State panel set to meet on casino license

Wednesday 15th April 2020

On the eve of a state Racing Commission meeting on a potential casino license for Pope County, a former mayor reiterated his support for a Mississippi casino operator, while a former commission member wrote that the applicant has a poor business record.

"I'm sure they [the commission members] are still trying to make up their mind on what to do," Randy Horton, a former Russellville mayor, said in an interview Tuesday. "I felt like it was critical to me that we get the right operator, so I needed to speak up."

Horton and Jim Ed Gibson, then-county judge of Pope County, backed Gulfside Casino Partnership's application before leaving office in December 2018.

Gulfside's application was submitted to the commission in May 2019.

All five applicants at that time -- Gulfside, the Cherokee Nation Businesses of Oklahoma, Kehl Management of Iowa, Warner Gaming of Nevada and Choctaw Nation Division of Commerce of Oklahoma -- were rejected by the commission because none were endorsed by local officials who were in office at the time.

Constitutional Amendment 100, approved by state voters in November 2018, allows a new casino each in Pope and Jefferson counties and allowed the expansion of gambling at the racetracks in Hot Springs and West Memphis.

Amendment 100 requires the new casinos to have endorsements from local officials.

The Racing Commission then created a rule that added that the officials must be in office when the application is submitted. The Legislature passed Act 371, which requires the same thing.

Gulfside sued the Racing Commission over the rejection of its license.

On March 25, Pulaski County Circuit Judge Tim Fox kicked Gulfside's application back to the commission to consider it "on its merits."

Fox ruled that both the commission rule and new law were unconstitutional because they impose "an additional qualification ... beyond the plain and unambiguous language of Amendment 100."

The commission meets today to consider whether to accept Cherokee Nation's third application for "good cause" shown, as allowed in commission rules. (The commission had opened a second application window, which has since been abandoned, after county officials endorsed the Cherokees.)

"We pride ourselves in being an operator that follows through on our promises, which is why we have placed such a heavy emphasis on trust, transparency and developing relationships with local officials and the great people of Pope County," said Chuck Garrett, chief executive officer of Cherokee Nation Businesses, in a statement to this newspaper. "Upon conducting its due diligence on the background of all applicants, we are confident that the Arkansas Racing Commission's review of our company and its executives will enforce why incumbent Pope County officials and the community at-large has chosen CNB as its operator of choice."

[DOCUMENT: Letter from Hugh Keating "]

In a letter to the Racing Commission, Horton said he felt it was imperative that his position be made clear and that he refute claims that endorsing Gulfside was a "lame duck" rush to judgment.

[DOCUMENT: Letter from Thomas Akin "]

"I know some may disagree with me due to their own personal agenda. But it is important for the commission to know my support was made after a considerate, deliberate, nearly year-long process with as much due diligence as possible," Horton said in the letter. "It was not a 'knee jerk' reaction. I strongly believe Gulfside far outpaces the other proposals -- in jobs, annual gaming revenue, facilities and overall economic impact. In light of the recent Pulaski County court decision, it is my hope the commission will grant a casino license to Gulfside so they can begin providing benefits to Pope County, as well as the entire state."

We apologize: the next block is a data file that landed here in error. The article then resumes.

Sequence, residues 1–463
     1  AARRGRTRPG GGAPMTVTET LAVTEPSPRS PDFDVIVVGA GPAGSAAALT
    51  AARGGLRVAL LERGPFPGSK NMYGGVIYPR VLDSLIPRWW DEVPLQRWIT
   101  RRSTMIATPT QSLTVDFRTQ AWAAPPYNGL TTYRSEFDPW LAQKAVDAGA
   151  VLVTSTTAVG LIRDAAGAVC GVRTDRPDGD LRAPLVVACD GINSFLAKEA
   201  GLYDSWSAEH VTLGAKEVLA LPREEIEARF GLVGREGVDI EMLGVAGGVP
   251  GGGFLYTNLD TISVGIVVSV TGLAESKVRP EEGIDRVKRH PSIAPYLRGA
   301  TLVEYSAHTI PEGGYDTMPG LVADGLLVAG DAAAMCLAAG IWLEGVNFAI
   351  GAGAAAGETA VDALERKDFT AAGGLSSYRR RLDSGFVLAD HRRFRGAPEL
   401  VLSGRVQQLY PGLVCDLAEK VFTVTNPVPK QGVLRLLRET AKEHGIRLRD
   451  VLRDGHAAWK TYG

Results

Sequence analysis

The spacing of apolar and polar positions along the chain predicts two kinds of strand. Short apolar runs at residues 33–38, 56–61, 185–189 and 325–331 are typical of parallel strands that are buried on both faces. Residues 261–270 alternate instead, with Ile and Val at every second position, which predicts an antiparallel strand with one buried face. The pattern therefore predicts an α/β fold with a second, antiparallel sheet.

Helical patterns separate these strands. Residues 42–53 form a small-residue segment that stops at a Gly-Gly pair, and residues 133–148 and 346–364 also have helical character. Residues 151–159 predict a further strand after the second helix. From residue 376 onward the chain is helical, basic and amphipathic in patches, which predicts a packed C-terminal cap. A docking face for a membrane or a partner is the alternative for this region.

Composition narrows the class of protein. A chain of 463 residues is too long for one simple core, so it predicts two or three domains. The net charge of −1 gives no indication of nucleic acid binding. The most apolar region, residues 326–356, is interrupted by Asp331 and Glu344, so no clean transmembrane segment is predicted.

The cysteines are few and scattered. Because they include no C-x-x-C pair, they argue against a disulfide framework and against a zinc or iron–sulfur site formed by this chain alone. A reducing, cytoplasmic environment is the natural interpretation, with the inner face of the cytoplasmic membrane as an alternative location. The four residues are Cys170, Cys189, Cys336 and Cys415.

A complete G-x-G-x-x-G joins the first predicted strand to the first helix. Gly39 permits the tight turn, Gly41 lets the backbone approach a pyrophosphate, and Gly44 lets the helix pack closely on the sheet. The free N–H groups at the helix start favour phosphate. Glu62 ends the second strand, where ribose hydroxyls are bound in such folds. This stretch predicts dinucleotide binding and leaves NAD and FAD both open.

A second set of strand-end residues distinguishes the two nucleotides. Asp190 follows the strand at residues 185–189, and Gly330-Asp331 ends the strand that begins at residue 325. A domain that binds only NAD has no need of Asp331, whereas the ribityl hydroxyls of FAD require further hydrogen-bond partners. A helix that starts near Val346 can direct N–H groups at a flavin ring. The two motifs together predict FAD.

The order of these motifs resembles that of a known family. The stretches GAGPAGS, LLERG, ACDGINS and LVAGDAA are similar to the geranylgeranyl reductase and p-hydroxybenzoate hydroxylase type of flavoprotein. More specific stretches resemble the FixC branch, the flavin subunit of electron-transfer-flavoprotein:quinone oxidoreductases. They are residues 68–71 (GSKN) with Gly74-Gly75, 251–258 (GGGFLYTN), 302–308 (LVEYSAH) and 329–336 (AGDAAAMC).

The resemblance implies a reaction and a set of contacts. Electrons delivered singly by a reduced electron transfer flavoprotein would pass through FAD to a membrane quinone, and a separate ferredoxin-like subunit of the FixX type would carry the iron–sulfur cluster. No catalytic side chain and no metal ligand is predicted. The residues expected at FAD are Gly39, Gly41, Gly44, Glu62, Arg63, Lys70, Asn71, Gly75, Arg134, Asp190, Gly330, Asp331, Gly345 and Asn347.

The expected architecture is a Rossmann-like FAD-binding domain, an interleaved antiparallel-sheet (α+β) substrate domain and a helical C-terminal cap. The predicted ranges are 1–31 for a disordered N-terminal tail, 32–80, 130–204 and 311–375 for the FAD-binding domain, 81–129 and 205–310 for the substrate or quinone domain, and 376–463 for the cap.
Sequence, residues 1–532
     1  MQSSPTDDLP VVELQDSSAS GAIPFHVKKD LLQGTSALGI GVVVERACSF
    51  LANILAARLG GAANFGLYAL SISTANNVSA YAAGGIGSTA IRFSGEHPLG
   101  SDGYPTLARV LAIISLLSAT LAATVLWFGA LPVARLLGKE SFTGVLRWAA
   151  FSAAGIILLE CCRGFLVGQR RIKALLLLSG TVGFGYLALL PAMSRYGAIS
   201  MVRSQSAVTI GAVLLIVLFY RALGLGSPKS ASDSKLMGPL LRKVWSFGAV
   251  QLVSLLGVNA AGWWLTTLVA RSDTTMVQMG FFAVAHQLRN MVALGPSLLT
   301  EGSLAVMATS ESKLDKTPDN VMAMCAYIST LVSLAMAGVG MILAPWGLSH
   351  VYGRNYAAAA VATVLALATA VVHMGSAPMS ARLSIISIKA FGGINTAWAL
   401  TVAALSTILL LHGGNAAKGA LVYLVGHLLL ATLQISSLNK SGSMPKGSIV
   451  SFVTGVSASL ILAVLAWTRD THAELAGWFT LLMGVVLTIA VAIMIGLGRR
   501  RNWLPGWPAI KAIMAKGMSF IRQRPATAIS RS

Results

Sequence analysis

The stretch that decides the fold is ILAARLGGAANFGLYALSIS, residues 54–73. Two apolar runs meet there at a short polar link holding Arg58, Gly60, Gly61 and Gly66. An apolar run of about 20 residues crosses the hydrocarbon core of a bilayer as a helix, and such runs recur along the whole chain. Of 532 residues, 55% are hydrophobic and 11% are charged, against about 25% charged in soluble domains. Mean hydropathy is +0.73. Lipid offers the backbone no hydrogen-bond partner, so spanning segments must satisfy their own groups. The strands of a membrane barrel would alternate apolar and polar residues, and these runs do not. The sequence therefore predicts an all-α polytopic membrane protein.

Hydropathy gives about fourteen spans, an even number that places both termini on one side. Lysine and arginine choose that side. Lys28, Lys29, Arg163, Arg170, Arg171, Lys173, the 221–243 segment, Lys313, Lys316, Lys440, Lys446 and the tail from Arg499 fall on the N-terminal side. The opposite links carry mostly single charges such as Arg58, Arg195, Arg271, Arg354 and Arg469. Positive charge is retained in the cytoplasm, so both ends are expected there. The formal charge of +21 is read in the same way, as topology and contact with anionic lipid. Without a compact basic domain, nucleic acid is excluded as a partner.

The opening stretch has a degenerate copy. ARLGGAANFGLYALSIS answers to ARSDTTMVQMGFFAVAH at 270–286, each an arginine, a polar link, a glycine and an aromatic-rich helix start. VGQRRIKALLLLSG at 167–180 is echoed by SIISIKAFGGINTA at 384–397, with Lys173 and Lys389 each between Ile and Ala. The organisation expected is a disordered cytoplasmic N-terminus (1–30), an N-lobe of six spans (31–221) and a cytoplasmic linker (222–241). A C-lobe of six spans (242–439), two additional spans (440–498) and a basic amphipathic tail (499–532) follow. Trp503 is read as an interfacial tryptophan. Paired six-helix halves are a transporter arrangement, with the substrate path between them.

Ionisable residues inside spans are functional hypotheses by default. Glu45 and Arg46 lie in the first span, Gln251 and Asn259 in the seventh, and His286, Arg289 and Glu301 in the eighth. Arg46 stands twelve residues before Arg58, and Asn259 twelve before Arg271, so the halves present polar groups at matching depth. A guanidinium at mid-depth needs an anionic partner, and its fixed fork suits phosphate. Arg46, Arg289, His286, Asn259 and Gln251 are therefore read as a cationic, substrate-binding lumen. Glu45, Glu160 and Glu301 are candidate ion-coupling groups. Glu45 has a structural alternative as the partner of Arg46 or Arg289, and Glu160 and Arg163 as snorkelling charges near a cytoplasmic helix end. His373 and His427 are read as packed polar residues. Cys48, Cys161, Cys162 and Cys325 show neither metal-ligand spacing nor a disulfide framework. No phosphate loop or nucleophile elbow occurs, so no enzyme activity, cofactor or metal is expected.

But in a letter Monday to Russellville City Council Member Chris Olson, former Racing Commissioner Thomas Akin of Russellville took umbrage with Olson's plan to sponsor a resolution at the council's Thursday meeting to welcome Gulfside to the community.

[DOCUMENT: Letter from Randall Horton "]

"Their extensive record of bankruptcies, endless litigation, federal investigations, delinquent taxes, a money laundering fine, gaming license forfeiture, debt and mass employee layoffs (including their current mass layoff), in my opinion, disqualify them for an official welcome into our city," Akin said in the letter.

In his letter, Akin said he began looking into Gulfside's history when he was approached last year about supporting the company's bid for the license.

His five-page letter alleged that Gulfside's first attempt at casino operations in the late 1980s ended in it laying off its workforce and filing for bankruptcy. Akin said the company "walked out" on debts that included $1 million in unpaid use taxes to the Mississippi Tax Commission, $1.2 million to a local bank, $80,000 to the Mississippi Port Authority and money owed to subcontractors.

Akin's letter was countered by a six-page letter to Olson from Gulfside attorney Hugh Keating.

Keating wrote that gaming in Mississippi "as we know it today" is a result of the trailblazing by Gulfside owners Rick Carter and Terry Green and their mentor William Redd.

"The journey to success has not been without failure and hardship, but throughout the journey there has always been progress," Keating wrote. "It is true that the original Pride of the Mississippi operation moved to Galveston, Texas in the Fall of 1989 and the companies sought relief in Chapter 11 bankruptcy."

Keating also said it was true, as Akin alleged, that one creditor attempted to seize the marine vessel Pride of Mississippi, but "it was never seized and a payment bond was procured and issued." All debts and taxes owed were repaid within a year of filing for bankruptcy, Keating said.

[DOCUMENT: Letter from Thomas Akin "]

Metro on 04/15/2020

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